Scottish agents are to maintain pressure to overhaul “unfair” Air Passenger Duty despite the tax being frozen for a year in this week’s Budget.
The Scottish Passenger Agents Association gave the decision by the Chancellor on Wednesday only a cautious welcome with president Brian Potter warning that underlying problems still exist.
“The current APD regime unfairly and disproportionately affects the UK regions, and it is damaging valuable air routes and passenger volumes,” he said.
“We must continue the fight for a fairer system – one which encourages responsible and sustainable growth in air services, rather than undermining their very survival, as in the case of the Bmi Glasgow-Heathrow service, to be withdrawn later this week.”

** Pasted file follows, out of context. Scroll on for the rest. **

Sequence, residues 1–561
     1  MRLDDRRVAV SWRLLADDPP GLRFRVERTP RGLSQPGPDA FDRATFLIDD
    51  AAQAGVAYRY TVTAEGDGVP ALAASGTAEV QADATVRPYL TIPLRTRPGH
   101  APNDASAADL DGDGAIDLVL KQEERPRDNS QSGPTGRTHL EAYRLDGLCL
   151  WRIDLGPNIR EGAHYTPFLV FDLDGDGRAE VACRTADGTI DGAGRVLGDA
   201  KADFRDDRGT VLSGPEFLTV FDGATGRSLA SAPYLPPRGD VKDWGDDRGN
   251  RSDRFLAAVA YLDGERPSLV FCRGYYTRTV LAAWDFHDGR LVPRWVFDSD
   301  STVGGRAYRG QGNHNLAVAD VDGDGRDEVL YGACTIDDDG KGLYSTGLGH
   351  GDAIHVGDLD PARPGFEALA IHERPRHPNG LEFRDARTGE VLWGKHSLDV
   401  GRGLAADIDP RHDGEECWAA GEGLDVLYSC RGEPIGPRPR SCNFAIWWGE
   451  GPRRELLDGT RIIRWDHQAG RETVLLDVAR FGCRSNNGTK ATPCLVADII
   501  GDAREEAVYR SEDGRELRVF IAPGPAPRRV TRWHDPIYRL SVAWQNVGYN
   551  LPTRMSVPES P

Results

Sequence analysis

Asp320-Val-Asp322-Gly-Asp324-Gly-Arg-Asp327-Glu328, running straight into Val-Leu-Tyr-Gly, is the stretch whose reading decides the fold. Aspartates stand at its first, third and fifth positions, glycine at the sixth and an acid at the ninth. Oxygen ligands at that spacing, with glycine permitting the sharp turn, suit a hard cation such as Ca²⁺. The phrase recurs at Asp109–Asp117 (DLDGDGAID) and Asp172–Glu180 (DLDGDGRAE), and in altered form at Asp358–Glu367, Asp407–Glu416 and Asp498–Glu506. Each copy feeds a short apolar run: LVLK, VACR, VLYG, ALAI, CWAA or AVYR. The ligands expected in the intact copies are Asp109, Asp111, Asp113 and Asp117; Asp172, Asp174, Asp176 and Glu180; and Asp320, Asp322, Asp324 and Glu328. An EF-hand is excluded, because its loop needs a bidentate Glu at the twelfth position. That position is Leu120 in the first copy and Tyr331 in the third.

Potter added: “Between now and the next Budget the Scottish APD campaign will continue to work hard to secure a real terms reduction in the general levels of APD, and the withdrawal of the regional ‘double-dipping’ by government, which sees some Scottish travellers paying twice, for the privilege of connecting through London to onward destinations.
“In addition, given that the UK will be drawn into the European Emissions Trading Scheme in 2012, it is vital that the revenues raised should be offset against APD collections. In any other scenario it would be outrageous for the UK government to claim that APD is an environmental tax.
“If the chancellor really does intend to claim that his Budgets are targeted on economic growth, this is the only sensible way forward for the future.”